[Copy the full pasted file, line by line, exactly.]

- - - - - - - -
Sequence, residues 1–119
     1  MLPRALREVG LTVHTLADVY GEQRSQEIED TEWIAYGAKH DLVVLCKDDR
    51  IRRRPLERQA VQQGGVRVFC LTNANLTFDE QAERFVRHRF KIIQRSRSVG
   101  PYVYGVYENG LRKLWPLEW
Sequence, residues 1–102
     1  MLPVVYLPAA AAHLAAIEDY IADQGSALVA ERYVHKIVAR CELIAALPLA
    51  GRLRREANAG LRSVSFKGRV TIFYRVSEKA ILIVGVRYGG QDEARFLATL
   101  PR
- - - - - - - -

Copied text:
Sequence, residues 1–119
     1  MLPRALREVG LTVHTLADVY GEQRSQEIED TEWIAYGAKH DLVVLCKDDR
    51  IRRRPLERQA VQQGGVRVFC LTNANLTFDE QAERFVRHRF KIIQRSRSVG
   101  PYVYGVYENG LRKLWPLEW
Sequence, residues 1–102
     1  MLPVVYLPAA AAHLAAIEDY IADQGSALVA ERYVHKIVAR CELIAALPLA
    51  GRLRREANAG LRSVSFKGRV TIFYRVSEKA ILIVGVRYGG QDEARFLATL
   101  PR